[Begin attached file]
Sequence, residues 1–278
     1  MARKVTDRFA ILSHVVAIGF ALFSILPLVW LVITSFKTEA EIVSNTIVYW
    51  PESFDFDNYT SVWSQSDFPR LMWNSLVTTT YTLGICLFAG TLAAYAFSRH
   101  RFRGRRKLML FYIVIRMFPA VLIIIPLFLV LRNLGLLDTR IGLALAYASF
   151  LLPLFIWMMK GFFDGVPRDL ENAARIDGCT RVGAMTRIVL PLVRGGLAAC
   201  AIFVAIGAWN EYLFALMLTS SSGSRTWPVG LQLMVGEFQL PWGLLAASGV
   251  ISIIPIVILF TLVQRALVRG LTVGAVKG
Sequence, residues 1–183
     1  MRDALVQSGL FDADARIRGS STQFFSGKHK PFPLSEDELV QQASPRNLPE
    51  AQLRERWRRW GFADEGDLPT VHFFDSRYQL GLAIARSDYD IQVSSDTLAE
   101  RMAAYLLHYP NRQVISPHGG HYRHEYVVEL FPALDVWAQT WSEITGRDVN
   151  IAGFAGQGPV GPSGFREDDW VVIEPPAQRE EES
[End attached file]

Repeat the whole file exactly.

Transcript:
Sequence, residues 1–278
     1  MARKVTDRFA ILSHVVAIGF ALFSILPLVW LVITSFKTEA EIVSNTIVYW
    51  PESFDFDNYT SVWSQSDFPR LMWNSLVTTT YTLGICLFAG TLAAYAFSRH
   101  RFRGRRKLML FYIVIRMFPA VLIIIPLFLV LRNLGLLDTR IGLALAYASF
   151  LLPLFIWMMK GFFDGVPRDL ENAARIDGCT RVGAMTRIVL PLVRGGLAAC
   201  AIFVAIGAWN EYLFALMLTS SSGSRTWPVG LQLMVGEFQL PWGLLAASGV
   251  ISIIPIVILF TLVQRALVRG LTVGAVKG
Sequence, residues 1–183
     1  MRDALVQSGL FDADARIRGS STQFFSGKHK PFPLSEDELV QQASPRNLPE
    51  AQLRERWRRW GFADEGDLPT VHFFDSRYQL GLAIARSDYD IQVSSDTLAE
   101  RMAAYLLHYP NRQVISPHGG HYRHEYVVEL FPALDVWAQT WSEITGRDVN
   151  IAGFAGQGPV GPSGFREDDW VVIEPPAQRE EES